PORT ST. LUCIE, Fla. — If you think about it, it’s only fair. Giancarlo Stanton is making $25 million with the Yankees this year. AJ Ramos is making $9.225 million with the Mets.
If they move in together, of course Stanton should pay for the groceries.
Ramos buys that. “He’s paying,” he said before pausing. “Nah, I’m just messing.”
It looks as though it’ll take more than a little crosstown rivalry to upend one of the greatest bromances in baseball. Mets reliever Ramos said Monday that he and Stanton, his former Marlins teammate, are looking to become roommates now that they both find themselves in New York. “We’re still looking at places,” Ramos said Monday as Mets pitchers and catchers reported at First Data Field.
Stanton, Ramos said, should have a grand old time hitting at Yankee Stadium, but all bets are off when the two face off in the regular season. “Definitely for the Subway Series, I might mess up his sleep a little bit, stuff like that,’’ Ramos said. “We’re still looking. Nothing set in stone just yet.”
As for, you know, actual baseball updates, Ramos said he’s fully prepared for Mickey Callaway’s bullpen changes. Callaway said he won’t have a set closer this year and will depend on matchups to determine who will pitch.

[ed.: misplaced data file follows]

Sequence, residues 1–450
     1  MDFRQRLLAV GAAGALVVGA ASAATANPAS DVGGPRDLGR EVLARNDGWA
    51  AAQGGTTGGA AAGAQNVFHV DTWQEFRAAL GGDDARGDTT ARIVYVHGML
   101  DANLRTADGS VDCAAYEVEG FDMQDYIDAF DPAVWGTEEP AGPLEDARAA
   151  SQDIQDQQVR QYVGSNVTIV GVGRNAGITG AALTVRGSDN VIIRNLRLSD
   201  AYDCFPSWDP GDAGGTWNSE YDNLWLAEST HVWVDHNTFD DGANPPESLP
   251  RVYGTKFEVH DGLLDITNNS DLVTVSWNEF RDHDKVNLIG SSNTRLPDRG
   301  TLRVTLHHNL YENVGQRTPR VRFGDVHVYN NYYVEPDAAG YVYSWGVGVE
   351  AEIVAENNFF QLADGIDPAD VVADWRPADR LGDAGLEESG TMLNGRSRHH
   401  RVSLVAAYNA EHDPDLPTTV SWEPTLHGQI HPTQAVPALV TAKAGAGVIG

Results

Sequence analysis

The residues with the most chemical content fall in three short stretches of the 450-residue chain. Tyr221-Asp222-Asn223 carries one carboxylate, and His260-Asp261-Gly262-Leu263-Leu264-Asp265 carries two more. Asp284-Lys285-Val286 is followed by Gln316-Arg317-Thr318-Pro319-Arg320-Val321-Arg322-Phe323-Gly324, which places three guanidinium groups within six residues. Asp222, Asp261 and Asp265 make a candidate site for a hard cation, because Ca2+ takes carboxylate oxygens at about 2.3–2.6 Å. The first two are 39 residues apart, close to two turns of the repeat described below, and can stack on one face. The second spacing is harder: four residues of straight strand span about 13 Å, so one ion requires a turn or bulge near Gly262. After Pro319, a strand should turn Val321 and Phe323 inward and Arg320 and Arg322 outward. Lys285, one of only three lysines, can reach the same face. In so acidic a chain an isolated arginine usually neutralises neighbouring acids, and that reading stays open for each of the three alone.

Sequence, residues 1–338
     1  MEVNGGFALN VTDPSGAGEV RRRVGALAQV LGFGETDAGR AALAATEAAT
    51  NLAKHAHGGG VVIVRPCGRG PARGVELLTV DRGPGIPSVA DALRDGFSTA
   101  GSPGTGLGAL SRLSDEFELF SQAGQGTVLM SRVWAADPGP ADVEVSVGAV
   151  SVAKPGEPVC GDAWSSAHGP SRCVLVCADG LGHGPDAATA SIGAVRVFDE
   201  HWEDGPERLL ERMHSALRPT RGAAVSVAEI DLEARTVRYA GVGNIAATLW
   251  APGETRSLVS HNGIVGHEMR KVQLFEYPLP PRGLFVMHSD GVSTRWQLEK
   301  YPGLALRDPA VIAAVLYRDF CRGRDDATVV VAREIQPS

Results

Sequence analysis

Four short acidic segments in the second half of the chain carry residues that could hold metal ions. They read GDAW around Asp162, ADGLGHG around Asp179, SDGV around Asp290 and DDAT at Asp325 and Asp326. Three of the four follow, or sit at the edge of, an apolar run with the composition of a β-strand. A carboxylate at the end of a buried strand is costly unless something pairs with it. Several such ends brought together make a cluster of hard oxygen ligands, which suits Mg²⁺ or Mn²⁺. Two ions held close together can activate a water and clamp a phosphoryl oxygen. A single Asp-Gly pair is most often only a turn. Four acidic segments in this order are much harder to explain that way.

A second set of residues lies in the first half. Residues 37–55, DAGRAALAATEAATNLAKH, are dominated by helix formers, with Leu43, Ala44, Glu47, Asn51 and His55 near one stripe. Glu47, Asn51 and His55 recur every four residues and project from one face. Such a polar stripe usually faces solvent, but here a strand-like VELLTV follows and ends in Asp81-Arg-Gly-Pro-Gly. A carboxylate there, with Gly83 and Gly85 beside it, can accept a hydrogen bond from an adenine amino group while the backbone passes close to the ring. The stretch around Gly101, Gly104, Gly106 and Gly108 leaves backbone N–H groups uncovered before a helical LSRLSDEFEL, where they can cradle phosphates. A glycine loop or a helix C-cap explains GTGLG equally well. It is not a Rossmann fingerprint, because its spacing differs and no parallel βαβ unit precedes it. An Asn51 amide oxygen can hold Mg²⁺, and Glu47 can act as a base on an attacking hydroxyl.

“What my job is, when my name is called, is to go out there and do the work and put some zeros up,” Ramos said. “I don’t worry about that too much because he said that in the offseason, so you can prepare for it. If you come into camp not ready for that, that’s on you. It would be another thing if he said we were going to have defined roles and then he switched it up. He gave us a heads-up and it’s a good way to prepare for it. There’s no excuses now.”
It appears he, Anthony Swarzak, Jerry Blevins and Jeurys Familia all can expect to pitch the ninth at some point.
“I’ve closed and I’ve pitched in between, so that just shows that I can do different things,” Ramos said. “There’s no set role for me. I’m just a pitcher. I pitch. It shows my versatility.”
As for Stanton, Ramos is very ready to see his old buddy light up Yankee Stadium. Just not against his team.
“He can get jammed and hit a ball out there,” he said. “That park is very small. That’s a plus for him. He’s going from Miami, where he had to square one up to get one, up to New York, where you can basically burp a ball out.”